Sun's 'Project Copy Linux' goes commercial
Elasticated Amazon support, squared
Sun is introducing three levels of paid support for the OpenSolaris 2008.5 code drop for developers and end users. Support starts at $49 per incident for developers and runs to $2,160 per system per year for tailored customizations, and includes 24x7 phone support along with fixes and updates.
The OpenSolaris 2008.5 bundle is also available without support but Sun claimed its price and service levels beat doing it yourself and also compare "very favorably" to Linux rival - and partner - Red Hat, which s Dan Roberts, director of marketing for Solaris and Sun's database products, called just a "packaging company".
"With Sun, you get that [engineering] experience top to bottom - the people who wrote the kernel can write and deliver fixes back to you," he said.
Sun is also pushing the integration of features such as ZFS and its image packaging system - to download and consume packages for Solaris such as Apache, PHP or development tools - that it said provide roll-back of a complete system, against distros like Ubuntu.
If current or potential Red Hat and Ubuntu users are one designated target, then so to are developers using hosted computing platforms to keep their infrastructure costs down while building applications.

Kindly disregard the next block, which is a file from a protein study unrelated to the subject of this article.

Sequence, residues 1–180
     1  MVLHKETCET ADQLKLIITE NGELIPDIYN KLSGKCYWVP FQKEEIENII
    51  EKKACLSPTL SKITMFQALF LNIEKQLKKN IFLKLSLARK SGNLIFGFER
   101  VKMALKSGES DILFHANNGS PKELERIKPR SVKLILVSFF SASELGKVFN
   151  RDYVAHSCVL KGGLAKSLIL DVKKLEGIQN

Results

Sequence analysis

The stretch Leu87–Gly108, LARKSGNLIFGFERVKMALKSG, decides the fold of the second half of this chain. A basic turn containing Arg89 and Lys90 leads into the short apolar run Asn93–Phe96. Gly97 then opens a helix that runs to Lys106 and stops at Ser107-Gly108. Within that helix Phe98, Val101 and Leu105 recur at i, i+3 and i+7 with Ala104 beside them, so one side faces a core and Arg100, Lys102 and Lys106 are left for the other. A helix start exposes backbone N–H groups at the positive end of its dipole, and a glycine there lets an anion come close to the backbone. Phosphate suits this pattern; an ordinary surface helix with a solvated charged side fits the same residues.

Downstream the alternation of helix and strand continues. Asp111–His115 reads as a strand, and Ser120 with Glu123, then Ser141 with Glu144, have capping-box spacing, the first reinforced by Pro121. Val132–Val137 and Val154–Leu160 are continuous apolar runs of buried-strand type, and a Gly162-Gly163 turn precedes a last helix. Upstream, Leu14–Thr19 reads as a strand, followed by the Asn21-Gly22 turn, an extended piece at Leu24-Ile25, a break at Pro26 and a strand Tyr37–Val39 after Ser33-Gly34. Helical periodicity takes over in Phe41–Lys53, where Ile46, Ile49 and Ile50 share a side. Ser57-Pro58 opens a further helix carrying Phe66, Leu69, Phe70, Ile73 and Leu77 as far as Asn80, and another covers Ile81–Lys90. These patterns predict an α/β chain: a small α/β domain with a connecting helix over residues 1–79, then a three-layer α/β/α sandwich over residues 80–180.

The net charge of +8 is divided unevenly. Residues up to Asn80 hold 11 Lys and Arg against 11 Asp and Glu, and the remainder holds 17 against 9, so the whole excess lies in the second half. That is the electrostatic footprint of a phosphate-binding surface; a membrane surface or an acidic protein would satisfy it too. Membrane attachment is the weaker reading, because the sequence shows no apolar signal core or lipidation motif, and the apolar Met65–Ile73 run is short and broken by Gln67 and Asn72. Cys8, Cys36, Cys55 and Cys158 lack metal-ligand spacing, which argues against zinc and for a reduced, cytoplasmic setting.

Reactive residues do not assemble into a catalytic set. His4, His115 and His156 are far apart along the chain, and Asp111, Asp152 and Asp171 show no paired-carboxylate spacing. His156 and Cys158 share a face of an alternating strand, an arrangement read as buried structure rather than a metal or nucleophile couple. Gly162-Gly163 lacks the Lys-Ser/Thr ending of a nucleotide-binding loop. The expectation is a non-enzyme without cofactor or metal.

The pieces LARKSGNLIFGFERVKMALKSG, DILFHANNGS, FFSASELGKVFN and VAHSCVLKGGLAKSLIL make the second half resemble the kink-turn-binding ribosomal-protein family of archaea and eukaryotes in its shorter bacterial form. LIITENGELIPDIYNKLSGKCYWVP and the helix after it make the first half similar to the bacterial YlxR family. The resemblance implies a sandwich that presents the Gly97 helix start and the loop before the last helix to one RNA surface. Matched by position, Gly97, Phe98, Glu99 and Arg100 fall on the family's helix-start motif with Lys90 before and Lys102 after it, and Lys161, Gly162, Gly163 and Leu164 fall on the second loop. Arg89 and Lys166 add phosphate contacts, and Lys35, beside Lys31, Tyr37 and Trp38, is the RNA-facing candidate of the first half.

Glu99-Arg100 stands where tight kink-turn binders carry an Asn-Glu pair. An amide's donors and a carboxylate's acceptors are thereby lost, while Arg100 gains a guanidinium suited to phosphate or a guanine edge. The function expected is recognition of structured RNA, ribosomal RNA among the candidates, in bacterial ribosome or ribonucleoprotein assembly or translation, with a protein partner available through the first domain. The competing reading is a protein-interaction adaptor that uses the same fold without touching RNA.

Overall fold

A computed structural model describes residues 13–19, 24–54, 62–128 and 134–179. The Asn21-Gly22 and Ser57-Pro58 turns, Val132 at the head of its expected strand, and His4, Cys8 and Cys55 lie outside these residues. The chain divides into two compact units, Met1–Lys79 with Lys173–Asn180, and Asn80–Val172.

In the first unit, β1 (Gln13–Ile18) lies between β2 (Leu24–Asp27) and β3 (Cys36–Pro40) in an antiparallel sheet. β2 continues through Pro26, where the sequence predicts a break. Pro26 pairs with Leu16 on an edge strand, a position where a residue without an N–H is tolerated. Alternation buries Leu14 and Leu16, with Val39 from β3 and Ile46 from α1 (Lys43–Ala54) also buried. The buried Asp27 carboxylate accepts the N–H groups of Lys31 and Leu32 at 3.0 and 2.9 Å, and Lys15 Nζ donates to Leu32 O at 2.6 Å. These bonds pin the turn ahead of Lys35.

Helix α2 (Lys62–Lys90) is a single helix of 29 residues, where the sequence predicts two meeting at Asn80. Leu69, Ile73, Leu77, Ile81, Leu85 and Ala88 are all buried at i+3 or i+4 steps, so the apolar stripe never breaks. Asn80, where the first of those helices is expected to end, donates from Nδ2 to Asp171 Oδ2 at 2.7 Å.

Amazon is offering selected developers the ability to run OpenSolaris applications on its EC2 "cloud computing" servers. Participation for now is by invitation only - the service has a beta tag while the company learns how to scale up.
Re: More foolish from people who don't know
Mommycalled: "Solaris is SysVr4 based. Sun changed from a BSD based OS to SysVr4
around 1988, that's 20 years ago."
I wouldn't call Linux a BSD derivative (more like SysV), but it still owes a lot to BSD. Thanks for the heritage tip (I stand corrected), but my point is that Sun don't have to write everything to be famous. And that's what you think commercial companies can do exclusively. No, Sun are standing on the shoulders of giants. That doesn't mean their contributions aren't valuable or that they don't have great engineers, but many FOSS developers are very good (including those in BSD land who aimed for quality).
FTR: I use Linux on my server for various reasons (primarily, accessibility in textmode). NetBSD's hardware support still has a bit to be desired, but it works on my playboxes, both textmode and GUI, network or no. But OpenSolaris really *was* a mess the last time I looked, and I'm going to take special care not to look at it again until it runs on enough everyday desktop hardware. Like, you know, RTL8169 cards embedded on mainboards (yes, I know, but that doesn't change anything - it still didn't work). And all that aside, I have issue with Sun's oily friendliness towards the OSS world. I'll wait and see just how "Open" they mean by Open Source, and maybe then I'll reconsider. If Sun run OpenSolaris on opensolaris.org, for instance.
Mommycalled: "What's different between NetBSD kernel development team being an email away and the
Solaris Kernel development team being an email away. Bzzt NOTHING. Besides I don't
have to deal with Theo de Raadt"
Theo is OpenBSD, not NetBSD. And yes, while he does froth at the mouth a bit, his contributions can hardly be considered valueless.